The Pattern of Biblical Preaching: An Expository Study of Ezra 7:10 and Nehemiah 8:1-18 -- By: Steven J. Lawson
BSac 158:632 (Oct 01) p. 451
The Pattern of Biblical Preaching:
An Expository Study of Ezra 7:10
and Nehemiah 8:1-18
[Steven J. Lawson is Senior Pastor, Dauphin Way Baptist Church, Mobile, Alabama.
* This is article three in a four-part series, “A Passionate Call for Expository Preaching.”]
Walter Kaiser, a leading evangelical scholar, issued a simple but striking statement in his commencement address at Dallas Theological Seminary in April 2000. It was a stirring challenge that should grip the hearts of all who are called to the ministry of biblical preaching and teaching. Those who enter the pulpit to preach, Kaiser admonished, should always be pointing to a text of Scripture.
When a man preaches, he should never remove his finger from the Scriptures, Kaiser affirmed. If he is gesturing with his right hand, he should keep his left hand’s finger on the text. If he reverses hands for gesturing, then he should also reverse hands for holding his spot in the text. He should always be pointing to the Scriptures.1
This is sound advice. Both literally and figuratively, the preacher should always be pointing to a biblical text. This Word-centered focus in the pulpit is the defining mark of all true expositors. Those who preach and teach the Word are to be so deeply rooted and grounded in the Scriptures that they never depart from them, ever directing themselves as well as their listeners to its truths. Biblical preaching should be just that—biblical—and all who stand in the pulpit must show an unwavering, even relentless,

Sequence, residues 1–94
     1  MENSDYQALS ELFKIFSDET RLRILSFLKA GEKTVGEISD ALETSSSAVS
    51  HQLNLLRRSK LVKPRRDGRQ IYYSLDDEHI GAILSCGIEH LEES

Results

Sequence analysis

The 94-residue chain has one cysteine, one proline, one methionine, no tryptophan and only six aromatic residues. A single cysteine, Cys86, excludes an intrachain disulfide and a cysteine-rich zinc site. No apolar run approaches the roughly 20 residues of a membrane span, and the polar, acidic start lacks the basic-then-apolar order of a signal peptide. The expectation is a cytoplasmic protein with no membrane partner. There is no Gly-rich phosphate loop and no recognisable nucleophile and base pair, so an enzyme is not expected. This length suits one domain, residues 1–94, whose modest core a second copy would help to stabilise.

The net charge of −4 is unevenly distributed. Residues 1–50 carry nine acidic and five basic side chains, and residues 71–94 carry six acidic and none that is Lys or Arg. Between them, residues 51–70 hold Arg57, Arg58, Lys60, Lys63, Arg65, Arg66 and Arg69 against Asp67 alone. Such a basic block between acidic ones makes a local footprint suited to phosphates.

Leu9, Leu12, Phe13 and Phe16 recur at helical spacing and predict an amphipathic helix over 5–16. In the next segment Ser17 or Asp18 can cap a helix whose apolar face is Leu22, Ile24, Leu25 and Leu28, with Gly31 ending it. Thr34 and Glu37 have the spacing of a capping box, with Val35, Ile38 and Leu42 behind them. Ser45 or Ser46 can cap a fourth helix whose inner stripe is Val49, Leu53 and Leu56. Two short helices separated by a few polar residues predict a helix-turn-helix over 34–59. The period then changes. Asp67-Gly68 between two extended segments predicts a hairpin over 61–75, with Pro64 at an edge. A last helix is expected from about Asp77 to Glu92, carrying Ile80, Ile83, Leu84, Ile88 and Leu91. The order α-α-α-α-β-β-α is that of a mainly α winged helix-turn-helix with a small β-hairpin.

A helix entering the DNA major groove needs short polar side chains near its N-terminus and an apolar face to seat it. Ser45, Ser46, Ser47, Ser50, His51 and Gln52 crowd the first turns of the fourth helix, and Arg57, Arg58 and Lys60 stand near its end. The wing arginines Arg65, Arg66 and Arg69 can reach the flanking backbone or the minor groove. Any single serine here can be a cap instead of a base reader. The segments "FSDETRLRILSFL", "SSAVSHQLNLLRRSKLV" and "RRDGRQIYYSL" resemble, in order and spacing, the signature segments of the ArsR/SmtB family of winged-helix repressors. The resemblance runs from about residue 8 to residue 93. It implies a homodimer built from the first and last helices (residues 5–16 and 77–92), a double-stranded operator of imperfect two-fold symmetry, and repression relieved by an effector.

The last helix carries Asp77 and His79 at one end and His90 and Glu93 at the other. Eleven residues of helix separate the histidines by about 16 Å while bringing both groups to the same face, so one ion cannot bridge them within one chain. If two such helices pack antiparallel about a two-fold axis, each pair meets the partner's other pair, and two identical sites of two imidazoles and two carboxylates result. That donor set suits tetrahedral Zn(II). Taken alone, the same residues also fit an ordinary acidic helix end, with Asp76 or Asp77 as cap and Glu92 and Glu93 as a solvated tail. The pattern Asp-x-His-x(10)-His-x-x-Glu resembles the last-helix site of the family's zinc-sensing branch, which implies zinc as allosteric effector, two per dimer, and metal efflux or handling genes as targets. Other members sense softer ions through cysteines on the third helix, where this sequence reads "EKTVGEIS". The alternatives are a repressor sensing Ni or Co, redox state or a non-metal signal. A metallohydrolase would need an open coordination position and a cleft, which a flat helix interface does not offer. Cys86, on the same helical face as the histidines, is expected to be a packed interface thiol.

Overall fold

BSac 158:632 (Oct 01) p. 452
commitment to the Scripture itself. Much as a practicing physician knows and prescribes medicine, so every preacher should be ever studying, learning, and dispensing heavy doses of the healing balm of God’s Word to all his patients. Whatever the ailment, there is but one cure for the soul—the Word of God applied by the Spirit of God to the human heart.
But this biblical prescription is an unknown remedy for many preachers today. In their zeal to lead popular and successful ministries many are becoming less concerned with pointing to the biblical text. Their use of the Bible is much like the singing of the national anthem before a ballgame—something merely heard at the beginning, but never referenced again, a necessary preliminary that almost becomes an awkward intrusion to the real event. In their attempt to be contemporary and relevant, many pastors talk about the Scriptures, but, sadly, they rarely speak from them. Instead they rush headlong to the next personal illustration, humorous anecdo...
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